But this first earmark set a precedent that led to today’s deeply corrupt system of rampant congressional earmarks,  election campaign contributions, dependence on polls and focus groups, and climate of political partisanship.

A book about food lobbying and its larger political and social consequences!  I can’t wait to read it.

Feb 23 2009

The latest on the meat front

In case you were wondering how come Bill Niman is no longer associated with Niman Ranch meats, yesterday’s San Francisco Chronicle explains the whole sad story, one framed by the writer as a matter of idealism vs. economic realities.

Perhaps coincidentally, Nicolette Hahn Niman’s new book,  Righteous Porkchop, is just out.  This is a thoughtful and affecting memoir of her version of the events–her background as an activist lawyer, her romance with Bill, and their work together.  I blurbed it, pointing out that it should establish her as an independent national voice for efforts to reform industrial animal production.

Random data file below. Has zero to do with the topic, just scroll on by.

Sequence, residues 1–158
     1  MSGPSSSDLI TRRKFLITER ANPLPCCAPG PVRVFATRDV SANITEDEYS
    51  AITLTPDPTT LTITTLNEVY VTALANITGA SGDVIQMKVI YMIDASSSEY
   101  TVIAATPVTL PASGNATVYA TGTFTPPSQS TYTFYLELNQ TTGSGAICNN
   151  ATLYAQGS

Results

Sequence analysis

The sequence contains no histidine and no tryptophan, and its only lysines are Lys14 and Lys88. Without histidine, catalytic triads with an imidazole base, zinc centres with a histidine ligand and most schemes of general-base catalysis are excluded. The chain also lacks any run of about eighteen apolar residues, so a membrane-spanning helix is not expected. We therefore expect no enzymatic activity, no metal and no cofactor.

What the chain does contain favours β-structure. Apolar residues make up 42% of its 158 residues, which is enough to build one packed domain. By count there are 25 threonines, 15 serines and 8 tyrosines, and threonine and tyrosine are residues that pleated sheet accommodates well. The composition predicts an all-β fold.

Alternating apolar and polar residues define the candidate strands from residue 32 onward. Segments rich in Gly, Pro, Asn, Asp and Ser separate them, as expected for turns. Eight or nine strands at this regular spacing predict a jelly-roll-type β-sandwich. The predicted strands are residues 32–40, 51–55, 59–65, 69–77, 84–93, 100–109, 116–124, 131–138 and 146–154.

I also blurbed Betty Fussell’s entertainingly researched cultural history of American beef, Raising Steaks. If you want to know what the fuss about humanely and sustainably raised meat is about, these books are a great starting point.

 
Dec 24 2008

Cookbook history: just in time for Xmas

The Economist, of all things, is getting serious about Food Studies.  It has a lovely history of cookbooks in its current issue, accompanied by a wonderful illustration.  The writer is anonymous, of course (I will never understand why The Economist doesn’t let its writers sign their articles–most annoying).  Cookbooks, says Anonymous, do more than teach how to cook.  They tell us what’s happening in society and help us deal with life.  Buy cookbooks as presents, read them, try a recipe or two, and eat the result!  I can’t think of a better gift.  Happy holidays to all!

And here’s an idea: if you happen to have more cookbooks or books about food than you have room for, and are looking for a wonderful and appreciative home for them, send them to the NYU Fales special collection of materials on Food and Cookery.   The collection has 20,000 volumes so far, thousands of pamphlets, and a rapidly growing collection of papers from food professionals.